95 Points Wine Enthusiast:Brunello di Montalcino is a gracious, classy wine. Sweet red cherries, flowers, mint and spices are just some of the aromas and flavors that emerge from this mid-weight, restrained Brunello. In 2006 Altesino’s Brunello impresses for its balance, freshness and finessed tannins. It isn’t a blockbuster, but it will drink well upon release and over the next decade or so, perhaps longer. Floral notes waft from the glass on the finish. Anticipated maturity: 2012-2020.
Wine Maker Notes
Brunello di Montalcino, ambassador of the high quality of Italian wine in the world, was the first wine to obtain recognition of the DOCG. The Brunello shows a brilliant ruby ??red color which tends towards garnet as the years pass. The nose denotes intense, clean, pleasing and refined aromas that start with hints of violets, tobacco, chocolate and pleasant memories of wild berries and vanilla. In the mouth has good correspondence to the nose, a well-balanced attack, full body, good tannins and important stuff.
Vineyards have been successfully planted and maintained throughout Italy since the Etruscans in 750 BC. With the rise of the Roman Monarchy in 508 BC international varietals were introduced and widely cultivated. As the Roman Empire expanded into new regions, soldiers returned with wine from their conquests and the first international wine market was established. In 410 AD, the Visigoths sacked Rome, causing many high-society Romans to flee to the countryside where they established vineyards. For the most part, those vineyards have been maintained through modern day, leading Italy to produce more wine than any other country and boast the most land under vine.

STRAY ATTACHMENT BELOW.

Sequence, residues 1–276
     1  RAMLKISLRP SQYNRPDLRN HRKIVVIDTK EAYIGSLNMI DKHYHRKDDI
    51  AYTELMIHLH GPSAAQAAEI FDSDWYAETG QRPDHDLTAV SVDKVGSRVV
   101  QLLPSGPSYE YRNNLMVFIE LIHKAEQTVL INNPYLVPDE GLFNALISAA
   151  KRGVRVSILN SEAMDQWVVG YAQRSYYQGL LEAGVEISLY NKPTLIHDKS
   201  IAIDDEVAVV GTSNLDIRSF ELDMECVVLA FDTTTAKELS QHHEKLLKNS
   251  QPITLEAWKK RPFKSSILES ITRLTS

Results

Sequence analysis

Italy grows more grape varieties than any country in the world. Currently, more than 1200 grape varieties are grown that produce more than 3000 specific wines. The most notable red grapes are Sangiovese, Nebbiolo, Primitivo, Nero d’Avola, and Negroamaro; of the whites, Pinot Gris, Glera, Trebbiano, Cortese, and Garganega stand out. Italian white wines are generally easy to drink, approachable and seafood-friendly, while the reds tend to be hugely varied. Northern Italian reds like Amarone and Barolo are deep, powerful reds that pair easily with roast meats and mushrooms. The reds of central Italy are a little less heavy and show more finesse when paired with tomato sauces and wild game. Southern Italian reds, with their full-bodied black-fruit-dominated flavors are some of the best pizza-wines in the world.
Serving suggestions: red meats, roasts, large game, mature cheeses